Hollyworld: DreamWorks’ Un-Hollywood Ending

steven Hollyworld: DreamWorks’ Un Hollywood Ending

Last year, Steven Spielberg’s DreamWorks invited a group of banks and investors to hear the studio’s pitch for money. The meeting, which was held in a movie theater inside his Amblin Entertainment compound, came amid the global credit crisis. So, despite being hosted by the greatest filmmaker in Hollywood, an insider recounted to me, the gathering had more than a few unfamiliar faces and some empty chairs. In the end, DreamWorks raised money from an Indian conglomerate, but considerably less than it originally sought. And Mr. Spielberg had had to dip briefly into his own considerable coffers to finance some of the company’s projects during the interregnum, thereby violating Hollywood’s cardinal rule about never playing with your own money.

At the time, the big line around a nervous Hollywood was that financing was so tight that “even Spielberg couldn’t get funded.” But the bigger story was what had happened to DreamWorks in the 15 years since its founders-Mr. Spielberg, Jeffrey Katzenberg and David Geffen-had beamed from the cover of Time magazine and promised to change the entertainment world, with tentacles in film, TV, video games, music and its own state-of-the-art studio lot. An answer comes now in the form of The Men Who Would be King, a book by Nicole LaPorte, an L.A.-based writer for the Daily Beast and a onetime Variety scribe.

None of the principals at the company would speak to Ms. LaPorte for her book. But in a town where access means so much, she nevertheless plodded determinedly ahead. In some ways, the book is better and dishier for it. Her narrative is a frothy case study of how the creation of three incredibly successful men was arguably a failure-yet the principals themselves always did better individually and did manage to make some great movies along the way (Saving Private Ryan, American Beauty and Gladiator are three films that get a lot of play in the story). Ms. LaPorte shows how the DreamWorks dream was impossible pretty much from the get-go, and got even wonkier when it tried to branch into areas like the short-lived dot-com start-up Pop.com, which, she writes, might better have been called “Implode.com.” Ultimately, she told me over an iced tea, her book is about “the art of the sell” as practiced by three of the town’s greats.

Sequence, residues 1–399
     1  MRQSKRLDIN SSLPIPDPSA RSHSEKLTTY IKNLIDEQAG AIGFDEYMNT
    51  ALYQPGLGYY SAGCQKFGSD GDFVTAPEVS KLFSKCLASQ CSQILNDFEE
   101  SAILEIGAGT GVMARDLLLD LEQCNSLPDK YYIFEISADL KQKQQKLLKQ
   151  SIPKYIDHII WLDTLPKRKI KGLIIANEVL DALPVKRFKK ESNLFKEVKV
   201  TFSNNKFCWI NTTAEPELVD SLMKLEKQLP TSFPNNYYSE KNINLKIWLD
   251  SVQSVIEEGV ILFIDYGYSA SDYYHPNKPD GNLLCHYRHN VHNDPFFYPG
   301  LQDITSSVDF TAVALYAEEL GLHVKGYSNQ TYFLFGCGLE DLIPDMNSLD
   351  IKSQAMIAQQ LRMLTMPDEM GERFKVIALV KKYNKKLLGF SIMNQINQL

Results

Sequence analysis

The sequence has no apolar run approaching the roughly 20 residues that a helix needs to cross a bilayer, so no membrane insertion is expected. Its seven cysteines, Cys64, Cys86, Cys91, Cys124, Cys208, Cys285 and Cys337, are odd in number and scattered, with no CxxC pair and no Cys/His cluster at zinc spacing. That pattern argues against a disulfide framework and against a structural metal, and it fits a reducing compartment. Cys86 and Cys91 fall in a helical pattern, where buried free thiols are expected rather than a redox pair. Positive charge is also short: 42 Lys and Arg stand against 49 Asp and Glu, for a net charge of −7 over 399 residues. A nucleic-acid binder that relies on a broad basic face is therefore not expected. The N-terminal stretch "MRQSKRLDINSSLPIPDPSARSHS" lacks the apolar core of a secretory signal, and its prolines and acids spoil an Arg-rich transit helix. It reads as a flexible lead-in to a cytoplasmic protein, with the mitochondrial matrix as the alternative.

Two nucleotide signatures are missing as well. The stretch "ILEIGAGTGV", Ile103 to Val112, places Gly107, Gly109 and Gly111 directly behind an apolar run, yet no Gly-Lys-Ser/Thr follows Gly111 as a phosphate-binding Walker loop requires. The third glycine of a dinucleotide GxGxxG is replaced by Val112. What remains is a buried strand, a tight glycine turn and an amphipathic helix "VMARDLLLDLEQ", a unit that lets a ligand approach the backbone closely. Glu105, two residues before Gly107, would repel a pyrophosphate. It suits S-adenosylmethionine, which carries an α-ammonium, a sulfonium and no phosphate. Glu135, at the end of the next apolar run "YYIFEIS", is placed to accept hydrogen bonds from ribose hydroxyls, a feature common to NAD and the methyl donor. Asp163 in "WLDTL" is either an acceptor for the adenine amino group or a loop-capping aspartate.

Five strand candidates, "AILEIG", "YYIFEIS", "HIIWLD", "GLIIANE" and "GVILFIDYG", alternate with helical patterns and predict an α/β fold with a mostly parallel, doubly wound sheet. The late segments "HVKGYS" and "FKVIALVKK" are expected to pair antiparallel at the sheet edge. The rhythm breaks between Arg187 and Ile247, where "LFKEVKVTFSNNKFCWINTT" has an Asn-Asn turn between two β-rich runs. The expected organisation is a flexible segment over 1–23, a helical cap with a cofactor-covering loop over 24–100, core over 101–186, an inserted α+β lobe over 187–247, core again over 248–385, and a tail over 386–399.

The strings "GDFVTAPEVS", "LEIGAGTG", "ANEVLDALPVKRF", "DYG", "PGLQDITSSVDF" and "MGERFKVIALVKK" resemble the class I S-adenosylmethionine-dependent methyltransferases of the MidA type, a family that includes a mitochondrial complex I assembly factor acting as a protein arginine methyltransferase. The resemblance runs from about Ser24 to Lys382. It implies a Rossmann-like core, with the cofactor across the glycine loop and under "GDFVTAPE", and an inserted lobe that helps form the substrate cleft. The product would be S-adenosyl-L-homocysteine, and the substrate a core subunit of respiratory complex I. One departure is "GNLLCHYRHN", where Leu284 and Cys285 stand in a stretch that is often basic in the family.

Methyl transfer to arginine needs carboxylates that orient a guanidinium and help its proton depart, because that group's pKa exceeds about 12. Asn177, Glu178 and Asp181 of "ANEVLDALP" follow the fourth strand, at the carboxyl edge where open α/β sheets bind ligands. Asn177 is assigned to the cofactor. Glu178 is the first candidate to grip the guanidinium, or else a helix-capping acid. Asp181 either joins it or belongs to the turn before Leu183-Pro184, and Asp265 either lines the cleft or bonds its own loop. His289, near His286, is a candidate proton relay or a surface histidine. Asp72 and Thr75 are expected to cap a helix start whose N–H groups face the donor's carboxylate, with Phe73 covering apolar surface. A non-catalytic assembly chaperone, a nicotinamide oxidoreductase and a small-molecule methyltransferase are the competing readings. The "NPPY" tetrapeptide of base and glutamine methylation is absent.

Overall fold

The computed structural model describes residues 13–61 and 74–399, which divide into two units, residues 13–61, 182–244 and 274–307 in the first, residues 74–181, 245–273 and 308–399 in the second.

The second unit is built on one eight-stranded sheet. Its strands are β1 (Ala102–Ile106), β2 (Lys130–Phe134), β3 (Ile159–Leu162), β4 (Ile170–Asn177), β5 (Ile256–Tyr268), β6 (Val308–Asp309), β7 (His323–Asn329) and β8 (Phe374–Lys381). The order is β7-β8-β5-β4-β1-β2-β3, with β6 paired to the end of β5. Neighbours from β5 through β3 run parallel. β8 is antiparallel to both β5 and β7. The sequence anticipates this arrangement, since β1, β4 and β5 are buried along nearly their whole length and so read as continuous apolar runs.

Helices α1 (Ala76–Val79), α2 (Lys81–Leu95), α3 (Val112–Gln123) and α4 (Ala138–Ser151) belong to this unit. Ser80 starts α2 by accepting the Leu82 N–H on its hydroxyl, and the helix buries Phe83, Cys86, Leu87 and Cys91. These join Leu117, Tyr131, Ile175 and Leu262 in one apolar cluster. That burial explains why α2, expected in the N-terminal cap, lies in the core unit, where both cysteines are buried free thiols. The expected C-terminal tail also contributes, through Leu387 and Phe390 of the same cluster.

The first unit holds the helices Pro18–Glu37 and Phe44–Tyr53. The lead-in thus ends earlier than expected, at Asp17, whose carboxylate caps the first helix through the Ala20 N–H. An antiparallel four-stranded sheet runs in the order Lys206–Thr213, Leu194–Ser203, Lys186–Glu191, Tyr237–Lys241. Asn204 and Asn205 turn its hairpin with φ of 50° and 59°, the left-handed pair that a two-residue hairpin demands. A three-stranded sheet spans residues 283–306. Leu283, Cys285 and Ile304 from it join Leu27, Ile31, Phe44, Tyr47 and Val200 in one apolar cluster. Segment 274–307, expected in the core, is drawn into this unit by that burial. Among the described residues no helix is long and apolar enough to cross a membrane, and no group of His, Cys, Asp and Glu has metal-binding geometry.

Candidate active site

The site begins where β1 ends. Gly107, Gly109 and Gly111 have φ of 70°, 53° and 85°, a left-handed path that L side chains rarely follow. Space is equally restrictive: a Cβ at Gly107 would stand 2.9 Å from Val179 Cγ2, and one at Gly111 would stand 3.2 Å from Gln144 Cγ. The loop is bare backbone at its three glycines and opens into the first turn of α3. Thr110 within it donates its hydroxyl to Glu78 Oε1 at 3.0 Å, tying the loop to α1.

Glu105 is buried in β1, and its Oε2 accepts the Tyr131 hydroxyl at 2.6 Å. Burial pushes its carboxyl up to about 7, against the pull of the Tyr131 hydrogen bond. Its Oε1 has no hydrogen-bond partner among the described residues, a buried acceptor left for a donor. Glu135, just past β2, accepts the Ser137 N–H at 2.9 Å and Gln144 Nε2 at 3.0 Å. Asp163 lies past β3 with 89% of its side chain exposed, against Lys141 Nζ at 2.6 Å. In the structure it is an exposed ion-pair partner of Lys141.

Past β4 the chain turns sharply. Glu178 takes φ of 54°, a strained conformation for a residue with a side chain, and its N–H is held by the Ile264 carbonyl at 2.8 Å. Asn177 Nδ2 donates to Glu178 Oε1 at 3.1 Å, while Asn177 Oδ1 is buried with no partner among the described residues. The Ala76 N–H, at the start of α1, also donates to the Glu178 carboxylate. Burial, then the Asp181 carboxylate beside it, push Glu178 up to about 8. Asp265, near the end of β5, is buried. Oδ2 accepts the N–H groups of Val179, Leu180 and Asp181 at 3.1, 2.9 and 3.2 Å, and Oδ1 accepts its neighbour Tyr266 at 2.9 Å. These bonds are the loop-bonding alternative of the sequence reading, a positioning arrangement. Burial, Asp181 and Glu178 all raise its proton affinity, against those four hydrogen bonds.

A decade or so after the original DreamWorks vision of a diversified and independent studio faltered, Mr. Katzenberg split off to run DreamWorks Animation, a separate public company; Mr. Spielberg and DreamWorks’ live-action business was sold to Paramount, part of Sumner Redstone’s Viacom. Although each of the trio was paid $175 million for the $33 million they each sank into the original DreamWorks-in addition to what they continued to own in the animation company-Mr. Geffen and Mr. Spielberg chafed against their new partners and had a horrible case of sellers’ remorse.

Indeed, Ms. LaPorte finalized her book deal on the day DreamWorks announced that it was essentially divorcing from Paramount. It turned out that under the moguls-only deal Mr. Geffen struck with Viacom, they could leave and take the name, which is exactly what they’ve done, although now Mr. Geffen has bowed out, and Mr. Spielberg’s “DreamWorks 3.0″ is run with studio veteran Stacey Snider.

When I met with Ms. LaPorte, we spoke mostly of Mr. Spielberg, of whom I’m an unabashed fan. Taking nothing away from the successes of K and G, Mr. Spielberg has sent more chills down the spine and tears down the faces of moviegoers than probably anyone in history-in Mr. Katzenberg’s words, he is a “national treasure.” Ms. LaPorte believes that the DreamWorks odyssey did throw Mr. Spielberg somewhat off his game as a director. While the last Indiana Jones movie and War of the Worlds were box office giants, and Munich was worthy and well told, it has been a while since Mr. Spielberg really pushed his creative envelope.

Which is why it will be exciting to see what he cooks up at the new DreamWorks. As The Men Who Would Be King shows, he’s been on a corporate ride that was at times as wild as one of the chase scenes in his films. But now it is finally behind him.

rsiklos@observer.com